Authors: Jeff Struecker and Alton Gansky
Title: Hide and Seek
Publisher: B&H Publishing Group
It’s been said that the Army does more things before breakfast than the rest of us do all day.
In the case of Jeff Struecker and Alton Gansky’s latest novel, so much happens in less than 24 hours that it takes 369 pages to tell it all. But don’t worry—just like the time did for their secret Army search and rescue team, the pages will fly by. Along with the bullets.
Bullets, yes, and a plot loaded with espionage, danger, and heroics. Set in the former Soviet republic of Kyrgyzstan, Hide and Seek is exactly what a fictional pair of politically connected women and an intrepid Special Operations team play, only theirs is no game.
Just like in real life, America’s war on terrorism is going badly in Afghanistan. Our forces are renting space at an airport in Kyrgyzstan’s capital, Bishkek, from which strikes into Taliban territory are being launched. Russia and China are offering billions of dollars to the economically beleaguered country to force the Americans out, an offer that resonates among many anti-American Kyrgyzs. United States officials know our welcome in the country is hanging by the thinnest of threads, and are trying to tread lightly.
Their efforts are only compromised further when a haphazard coup erupts in Bishkek. Some gristly video footage of a botched kidnapping is broadcast, showing one of our heroines—an American officer—fleeing the scene with the daughter of Kyrgyzstan’s embattled president. Although having strict orders to stay out of the country’s political turmoil, American Army officials cannot risk either of these women falling into the wrong hands. So an intrepid Master Sergeant is conscripted to covertly lead his team into the perilous streets of Bishkek and find them.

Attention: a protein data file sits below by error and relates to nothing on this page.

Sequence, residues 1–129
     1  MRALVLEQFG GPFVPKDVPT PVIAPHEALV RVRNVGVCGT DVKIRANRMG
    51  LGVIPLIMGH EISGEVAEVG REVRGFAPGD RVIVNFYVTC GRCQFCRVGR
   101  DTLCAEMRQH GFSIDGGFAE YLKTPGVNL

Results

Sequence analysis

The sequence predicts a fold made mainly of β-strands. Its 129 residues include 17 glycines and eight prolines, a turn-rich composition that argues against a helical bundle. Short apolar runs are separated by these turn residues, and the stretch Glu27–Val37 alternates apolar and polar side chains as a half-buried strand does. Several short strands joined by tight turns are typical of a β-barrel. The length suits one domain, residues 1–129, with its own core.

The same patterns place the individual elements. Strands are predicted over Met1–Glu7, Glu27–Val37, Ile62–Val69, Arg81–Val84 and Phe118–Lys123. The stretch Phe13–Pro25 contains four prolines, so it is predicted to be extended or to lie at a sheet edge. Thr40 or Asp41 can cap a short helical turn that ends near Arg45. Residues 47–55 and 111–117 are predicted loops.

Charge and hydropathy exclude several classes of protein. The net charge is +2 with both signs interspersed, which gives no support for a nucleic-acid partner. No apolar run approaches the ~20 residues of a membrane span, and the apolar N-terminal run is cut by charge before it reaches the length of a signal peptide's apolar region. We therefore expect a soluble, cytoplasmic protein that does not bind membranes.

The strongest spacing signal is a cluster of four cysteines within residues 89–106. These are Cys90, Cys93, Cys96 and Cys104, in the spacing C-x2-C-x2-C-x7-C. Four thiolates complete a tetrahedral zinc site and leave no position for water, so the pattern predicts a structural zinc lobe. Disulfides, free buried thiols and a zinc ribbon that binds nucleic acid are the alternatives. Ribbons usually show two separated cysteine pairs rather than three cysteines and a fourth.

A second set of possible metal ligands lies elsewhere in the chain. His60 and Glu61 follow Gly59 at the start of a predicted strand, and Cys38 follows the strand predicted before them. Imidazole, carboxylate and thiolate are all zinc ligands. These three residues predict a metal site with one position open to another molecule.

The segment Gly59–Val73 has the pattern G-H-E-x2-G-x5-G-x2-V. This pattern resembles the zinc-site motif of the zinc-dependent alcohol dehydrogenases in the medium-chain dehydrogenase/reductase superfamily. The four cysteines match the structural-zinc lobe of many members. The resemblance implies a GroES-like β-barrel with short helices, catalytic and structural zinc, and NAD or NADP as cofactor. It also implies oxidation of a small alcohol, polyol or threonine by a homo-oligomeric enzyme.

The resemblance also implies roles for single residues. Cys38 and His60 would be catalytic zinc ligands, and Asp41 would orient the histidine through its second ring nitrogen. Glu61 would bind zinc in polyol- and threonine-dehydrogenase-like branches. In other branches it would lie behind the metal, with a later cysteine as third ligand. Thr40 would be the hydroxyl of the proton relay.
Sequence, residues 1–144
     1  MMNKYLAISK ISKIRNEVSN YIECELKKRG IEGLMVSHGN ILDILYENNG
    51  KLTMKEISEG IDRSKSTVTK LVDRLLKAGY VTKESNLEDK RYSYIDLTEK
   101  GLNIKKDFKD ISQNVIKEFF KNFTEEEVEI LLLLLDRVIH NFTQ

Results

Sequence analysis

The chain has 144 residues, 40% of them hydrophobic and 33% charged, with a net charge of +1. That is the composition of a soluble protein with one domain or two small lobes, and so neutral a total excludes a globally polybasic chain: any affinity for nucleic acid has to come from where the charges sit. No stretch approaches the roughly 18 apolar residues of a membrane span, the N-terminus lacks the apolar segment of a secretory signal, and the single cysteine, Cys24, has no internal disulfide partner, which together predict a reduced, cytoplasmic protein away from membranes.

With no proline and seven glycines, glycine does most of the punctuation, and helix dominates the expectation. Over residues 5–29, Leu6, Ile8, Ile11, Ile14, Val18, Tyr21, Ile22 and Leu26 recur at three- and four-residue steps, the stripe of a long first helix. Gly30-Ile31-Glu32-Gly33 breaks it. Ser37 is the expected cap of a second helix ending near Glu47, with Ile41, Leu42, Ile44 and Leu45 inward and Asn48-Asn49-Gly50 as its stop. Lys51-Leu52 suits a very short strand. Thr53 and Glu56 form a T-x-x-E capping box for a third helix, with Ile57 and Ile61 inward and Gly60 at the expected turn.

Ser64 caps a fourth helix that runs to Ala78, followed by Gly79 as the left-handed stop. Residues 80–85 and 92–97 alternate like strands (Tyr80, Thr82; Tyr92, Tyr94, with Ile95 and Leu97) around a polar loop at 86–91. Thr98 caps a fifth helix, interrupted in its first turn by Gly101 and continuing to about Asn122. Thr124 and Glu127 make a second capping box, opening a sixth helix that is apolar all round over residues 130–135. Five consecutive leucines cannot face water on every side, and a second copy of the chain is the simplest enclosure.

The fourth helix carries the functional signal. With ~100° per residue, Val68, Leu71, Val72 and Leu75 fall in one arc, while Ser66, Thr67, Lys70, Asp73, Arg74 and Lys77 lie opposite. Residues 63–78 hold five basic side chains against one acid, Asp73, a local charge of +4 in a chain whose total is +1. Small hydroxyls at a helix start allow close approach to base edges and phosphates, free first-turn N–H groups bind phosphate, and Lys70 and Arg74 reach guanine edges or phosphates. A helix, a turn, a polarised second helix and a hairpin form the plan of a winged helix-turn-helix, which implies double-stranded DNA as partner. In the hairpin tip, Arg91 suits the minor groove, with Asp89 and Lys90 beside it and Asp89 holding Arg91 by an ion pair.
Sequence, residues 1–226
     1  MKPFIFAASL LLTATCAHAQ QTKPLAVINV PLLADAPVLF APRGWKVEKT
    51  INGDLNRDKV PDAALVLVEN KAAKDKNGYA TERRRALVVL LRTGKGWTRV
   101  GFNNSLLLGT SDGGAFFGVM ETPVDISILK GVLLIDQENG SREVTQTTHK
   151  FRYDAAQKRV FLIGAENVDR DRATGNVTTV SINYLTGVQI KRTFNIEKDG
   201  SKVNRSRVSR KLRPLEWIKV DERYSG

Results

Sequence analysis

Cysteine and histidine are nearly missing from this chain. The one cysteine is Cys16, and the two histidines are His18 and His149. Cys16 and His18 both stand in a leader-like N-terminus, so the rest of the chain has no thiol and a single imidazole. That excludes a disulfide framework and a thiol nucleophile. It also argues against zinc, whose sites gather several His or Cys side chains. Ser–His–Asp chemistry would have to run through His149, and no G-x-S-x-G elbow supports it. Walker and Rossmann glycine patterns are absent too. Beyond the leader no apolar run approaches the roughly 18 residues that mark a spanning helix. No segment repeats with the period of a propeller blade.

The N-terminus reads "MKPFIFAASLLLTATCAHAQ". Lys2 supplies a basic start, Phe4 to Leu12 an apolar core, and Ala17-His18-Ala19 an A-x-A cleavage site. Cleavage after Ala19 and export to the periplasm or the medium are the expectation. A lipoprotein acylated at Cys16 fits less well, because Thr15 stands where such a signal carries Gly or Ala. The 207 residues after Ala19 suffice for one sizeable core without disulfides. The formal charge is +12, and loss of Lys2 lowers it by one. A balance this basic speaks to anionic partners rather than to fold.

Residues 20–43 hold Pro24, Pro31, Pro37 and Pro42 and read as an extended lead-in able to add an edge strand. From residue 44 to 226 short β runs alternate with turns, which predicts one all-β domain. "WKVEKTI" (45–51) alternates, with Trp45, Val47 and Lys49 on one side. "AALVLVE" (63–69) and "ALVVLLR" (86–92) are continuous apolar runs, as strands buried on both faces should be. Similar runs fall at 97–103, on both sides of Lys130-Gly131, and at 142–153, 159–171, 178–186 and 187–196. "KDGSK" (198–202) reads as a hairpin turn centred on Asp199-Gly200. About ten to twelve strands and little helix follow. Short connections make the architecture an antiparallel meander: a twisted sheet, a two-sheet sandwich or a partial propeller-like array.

Co-author Struecker may be a Baptist pastor today, but he’s also a retired Army Major, and the credibility his experience lends to this story makes what borders on a marginal Hollywood script come to life. There’s just enough human frailty to make this team’s exploits believable, and just enough humorous banter to lighten what would otherwise be a constant barrage of mayhem, thugs, and deceit.
Oh—and the Master Sergeant’s wife? Pregnant. With twins. She’s living stateside, working as a consultant to the military. It’s all part of our modern Army. If you’re not in the military, this book may be an eye-opening opportunity for learning about the type of warriors our country employs, people who are expected to bounce between professional and family roles like civilians do in our workaday world.
Things get a bit far-fetched toward the end of Struecker and Gansky’s storyline, when they throw some biochemical weaponry into the mix. It’s hard to believe an American Special Ops team would intentionally expose an entire city to possibly imminent peril by attacking an unfamiliar building housing an unknown substance whose lethality is also unknown. Hopefully, that’s not something the Army considers doing on a regular basis.
Overall, however, Hide and Seek provides a plausible insider’s peek into the ways believers who serve in our military put their lives on the line for our country. It’s easy to even imagine parts of this narrative being lifted from true events during Struecker’s Army career. At least we’d like to think our men—and women—in uniform are this brave and competent.
If you or someone you know serves in our armed forces, this book might introduce good talking points about what real life in the military looks like. And if it looks anything like Hide and Seek, no wonder our soldiers think they’re underpaid.